Borrowing its title from a collection of essays by C. S. Lewis, this series, They Asked For A Paper,”  highlights interesting items from the Armstrong Browning Library’s collection and suggests topics for further research.

By Melinda Creech
Manuscripts Specialist, Armstrong Browning Library

I have been transcribing a set of letters collected by Mr. and Mrs. Higford Burr. Daniel Higford Davall Burr (1811-1885) was a Member of Parliament, Justice of the Peace, and High Sheriff of Berkshire. He and Anna-Margaretta, like the Brownings, were married at St. Marylebone Parish Church. Anna-Margaretta Higford Burr (1817-1892) was an English water-colorist. She traveled extensively and entertained often at the family’s estate, Aldermaston. When her husband died, she moved to Venice where she died in 1892. Many of the letters from this album are correspondence with artists and musicians from the nineteenth century. Although the Burrs had much in common with the Brownings (art, acquaintances, Venice), only two letters of their correspondence are noted, both from the summer of 1864, and both unlocated. Robert does record going to Mrs. Higford Burr’s house to meet the Layards in a letter to  Pen on 23 March 1889, the year of his death. He reports another engagement with Mrs. Burr and the Layards on 4 July 1889.

Although she does not appear in the Brownings’ correspondence, Lady Lucie Duff-Gordon (1821-1869) seems like someone they might have liked to have known.

Lucie Austin, by a school friend, aged 15.

Having become fluent in German while on a trip to Germany with her parents, John and Sarah Austin, she became a proficient translator.

Lucie Duff-Gordon, sketch by Frederick Watts, ca. 1848.

She married Lord Duff-Gordon in 1840 and their home attracted a remarkable circle of friends and acquaintances. Lady Lucie was known for her progressive and tolerant views. In 1861 she contracted tuberculosis, and moved to South Africa and later Egypt in search of a better climate.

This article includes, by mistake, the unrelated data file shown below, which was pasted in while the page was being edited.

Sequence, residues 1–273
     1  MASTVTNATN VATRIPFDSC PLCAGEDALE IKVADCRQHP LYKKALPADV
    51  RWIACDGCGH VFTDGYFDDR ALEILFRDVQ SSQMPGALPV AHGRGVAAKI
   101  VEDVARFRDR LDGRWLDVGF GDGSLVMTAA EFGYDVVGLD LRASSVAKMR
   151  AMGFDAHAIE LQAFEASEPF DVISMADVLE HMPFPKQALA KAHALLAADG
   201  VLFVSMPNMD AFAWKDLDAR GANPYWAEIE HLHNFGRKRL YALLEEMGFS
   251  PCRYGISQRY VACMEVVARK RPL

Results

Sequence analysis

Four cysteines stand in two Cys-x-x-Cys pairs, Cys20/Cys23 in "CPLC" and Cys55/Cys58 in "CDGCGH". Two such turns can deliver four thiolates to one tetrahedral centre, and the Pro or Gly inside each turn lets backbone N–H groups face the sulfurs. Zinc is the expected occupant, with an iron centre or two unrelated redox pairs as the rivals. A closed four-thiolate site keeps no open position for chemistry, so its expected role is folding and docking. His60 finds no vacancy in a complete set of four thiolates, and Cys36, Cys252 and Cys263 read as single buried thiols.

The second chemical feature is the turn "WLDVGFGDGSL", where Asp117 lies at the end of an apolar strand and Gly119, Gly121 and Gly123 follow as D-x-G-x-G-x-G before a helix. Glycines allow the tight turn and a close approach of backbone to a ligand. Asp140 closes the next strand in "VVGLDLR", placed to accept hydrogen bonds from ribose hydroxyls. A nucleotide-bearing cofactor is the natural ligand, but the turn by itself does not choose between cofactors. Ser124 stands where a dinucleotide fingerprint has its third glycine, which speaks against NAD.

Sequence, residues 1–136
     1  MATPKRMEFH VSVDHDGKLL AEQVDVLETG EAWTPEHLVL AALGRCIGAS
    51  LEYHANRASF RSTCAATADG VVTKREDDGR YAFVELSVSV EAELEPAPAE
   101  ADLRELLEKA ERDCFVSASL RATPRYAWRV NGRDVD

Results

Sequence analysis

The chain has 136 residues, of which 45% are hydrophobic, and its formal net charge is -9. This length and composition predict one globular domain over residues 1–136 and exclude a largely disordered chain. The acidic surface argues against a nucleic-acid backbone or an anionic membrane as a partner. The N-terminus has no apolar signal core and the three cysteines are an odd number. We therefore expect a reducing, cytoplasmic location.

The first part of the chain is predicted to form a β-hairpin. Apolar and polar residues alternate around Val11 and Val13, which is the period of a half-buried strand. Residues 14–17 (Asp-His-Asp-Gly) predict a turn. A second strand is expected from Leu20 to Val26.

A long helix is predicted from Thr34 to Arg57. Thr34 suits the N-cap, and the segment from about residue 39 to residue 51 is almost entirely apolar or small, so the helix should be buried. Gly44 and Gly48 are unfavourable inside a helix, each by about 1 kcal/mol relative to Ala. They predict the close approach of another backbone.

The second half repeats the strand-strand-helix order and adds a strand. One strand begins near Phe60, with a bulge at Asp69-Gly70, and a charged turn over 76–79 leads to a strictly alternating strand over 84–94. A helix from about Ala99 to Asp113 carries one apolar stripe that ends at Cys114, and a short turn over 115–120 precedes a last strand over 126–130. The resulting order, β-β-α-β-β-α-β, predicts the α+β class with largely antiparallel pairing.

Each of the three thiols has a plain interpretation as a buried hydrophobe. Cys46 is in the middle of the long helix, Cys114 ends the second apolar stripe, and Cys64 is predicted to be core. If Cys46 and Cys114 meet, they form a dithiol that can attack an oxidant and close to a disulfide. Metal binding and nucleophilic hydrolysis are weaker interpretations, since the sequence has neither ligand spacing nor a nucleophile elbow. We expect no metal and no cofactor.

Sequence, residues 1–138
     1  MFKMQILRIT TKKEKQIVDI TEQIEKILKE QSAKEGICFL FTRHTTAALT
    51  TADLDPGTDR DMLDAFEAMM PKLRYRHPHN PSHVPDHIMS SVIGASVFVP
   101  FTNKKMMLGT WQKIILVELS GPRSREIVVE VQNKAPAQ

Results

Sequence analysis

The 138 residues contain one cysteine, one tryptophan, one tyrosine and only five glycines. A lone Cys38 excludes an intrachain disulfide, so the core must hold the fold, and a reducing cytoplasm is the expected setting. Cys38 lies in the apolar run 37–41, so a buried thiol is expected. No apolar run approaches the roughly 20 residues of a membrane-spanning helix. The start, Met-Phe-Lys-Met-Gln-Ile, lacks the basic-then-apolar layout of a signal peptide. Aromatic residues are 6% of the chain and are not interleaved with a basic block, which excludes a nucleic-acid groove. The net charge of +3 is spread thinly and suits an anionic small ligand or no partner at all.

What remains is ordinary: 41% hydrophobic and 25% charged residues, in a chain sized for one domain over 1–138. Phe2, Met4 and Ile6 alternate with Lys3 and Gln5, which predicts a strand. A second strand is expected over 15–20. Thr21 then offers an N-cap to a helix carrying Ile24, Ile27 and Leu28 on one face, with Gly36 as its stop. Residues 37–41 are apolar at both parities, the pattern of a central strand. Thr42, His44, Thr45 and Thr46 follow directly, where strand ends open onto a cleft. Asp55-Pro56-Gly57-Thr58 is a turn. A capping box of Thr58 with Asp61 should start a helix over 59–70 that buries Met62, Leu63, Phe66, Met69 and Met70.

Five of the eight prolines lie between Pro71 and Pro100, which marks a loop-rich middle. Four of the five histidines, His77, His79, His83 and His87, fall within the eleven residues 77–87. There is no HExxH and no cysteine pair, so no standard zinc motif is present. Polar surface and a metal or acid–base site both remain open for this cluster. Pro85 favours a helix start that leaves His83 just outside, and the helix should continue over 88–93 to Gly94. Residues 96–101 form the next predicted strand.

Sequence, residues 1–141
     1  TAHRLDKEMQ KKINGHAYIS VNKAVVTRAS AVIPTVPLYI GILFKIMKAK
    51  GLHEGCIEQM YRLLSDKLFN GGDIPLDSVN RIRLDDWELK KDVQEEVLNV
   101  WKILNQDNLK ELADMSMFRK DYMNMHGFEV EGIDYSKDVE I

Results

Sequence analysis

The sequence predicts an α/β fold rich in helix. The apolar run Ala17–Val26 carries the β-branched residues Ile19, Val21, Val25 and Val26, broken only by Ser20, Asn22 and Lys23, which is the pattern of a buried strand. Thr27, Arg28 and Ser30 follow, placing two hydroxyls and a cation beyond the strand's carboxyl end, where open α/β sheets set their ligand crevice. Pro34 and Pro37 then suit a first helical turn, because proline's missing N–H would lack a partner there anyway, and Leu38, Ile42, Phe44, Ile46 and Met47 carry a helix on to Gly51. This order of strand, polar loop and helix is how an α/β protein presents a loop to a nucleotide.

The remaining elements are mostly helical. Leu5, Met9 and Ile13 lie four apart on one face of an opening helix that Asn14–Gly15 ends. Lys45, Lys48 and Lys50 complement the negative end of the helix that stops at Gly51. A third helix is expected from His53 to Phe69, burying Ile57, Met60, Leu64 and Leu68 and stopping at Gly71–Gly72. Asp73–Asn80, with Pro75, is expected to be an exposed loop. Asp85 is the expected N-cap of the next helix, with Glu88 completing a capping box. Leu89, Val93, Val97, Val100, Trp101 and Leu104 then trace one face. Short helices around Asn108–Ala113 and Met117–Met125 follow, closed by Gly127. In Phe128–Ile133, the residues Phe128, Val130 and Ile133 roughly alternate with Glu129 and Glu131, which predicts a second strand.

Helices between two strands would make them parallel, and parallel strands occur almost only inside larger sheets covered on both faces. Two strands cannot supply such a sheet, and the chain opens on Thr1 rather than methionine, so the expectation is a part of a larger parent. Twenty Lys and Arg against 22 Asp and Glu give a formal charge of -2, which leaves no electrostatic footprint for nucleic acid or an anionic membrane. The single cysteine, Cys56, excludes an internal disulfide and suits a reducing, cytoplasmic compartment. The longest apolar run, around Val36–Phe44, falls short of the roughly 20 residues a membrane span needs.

Lucie Duff-Gordon, by Henry W. Phillips, ca. 1851.

She is most well known for  her Letters from Egypt, 1863–1865 (1865) and Last Letters from Egypt (1875), written to her family while she was living in Egypt. She returned to England for visits in 1863 and 1865.

This undated letter  from Lady Lucie Duff-Gordon to Mr. Burr, written from The Gordon House, Esher, in Surrey, thanks him for his gift of an “incendiary jacket.” She says that she had just received the gift that morning and had already made use of the jacket and “put a bit into my pipe and smoked it.” Oddly, she was reported to have smoked cigars when she went riding, because “they suppressed the racking coughs caused by consumption,” not a treatment that would have been recommended today.

Letter from Lady Lucie Duff-Gordon to Mr. Higford Burr. Undated. Page 1.

Letter from Lady Lucie Duff-Gordon to Mr. Higford Burr. Undated. Pages 2 and 3.